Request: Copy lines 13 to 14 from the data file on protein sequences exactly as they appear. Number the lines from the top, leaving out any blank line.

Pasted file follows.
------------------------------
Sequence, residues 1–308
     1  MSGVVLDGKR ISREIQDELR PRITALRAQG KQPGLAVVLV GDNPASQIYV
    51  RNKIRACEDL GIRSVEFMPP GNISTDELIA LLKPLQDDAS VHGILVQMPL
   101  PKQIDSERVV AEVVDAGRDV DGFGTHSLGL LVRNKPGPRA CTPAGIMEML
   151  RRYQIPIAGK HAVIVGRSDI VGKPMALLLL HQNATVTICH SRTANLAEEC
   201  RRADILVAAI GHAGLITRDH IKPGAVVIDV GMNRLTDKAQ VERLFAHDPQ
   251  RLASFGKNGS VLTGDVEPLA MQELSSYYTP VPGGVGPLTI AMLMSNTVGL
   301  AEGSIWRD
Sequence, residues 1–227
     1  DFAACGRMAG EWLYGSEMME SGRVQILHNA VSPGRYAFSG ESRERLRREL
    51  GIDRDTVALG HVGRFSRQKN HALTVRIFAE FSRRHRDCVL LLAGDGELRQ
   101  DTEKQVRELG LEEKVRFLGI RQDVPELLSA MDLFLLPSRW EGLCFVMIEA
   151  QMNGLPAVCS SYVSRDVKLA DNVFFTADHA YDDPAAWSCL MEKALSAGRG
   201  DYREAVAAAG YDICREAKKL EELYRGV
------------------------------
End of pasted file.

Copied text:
   151  QMNGLPAVCS SYVSRDVKLA DNVFFTADHA YDDPAAWSCL MEKALSAGRG
   201  DYREAVAAAG YDICREAKKL EELYRGV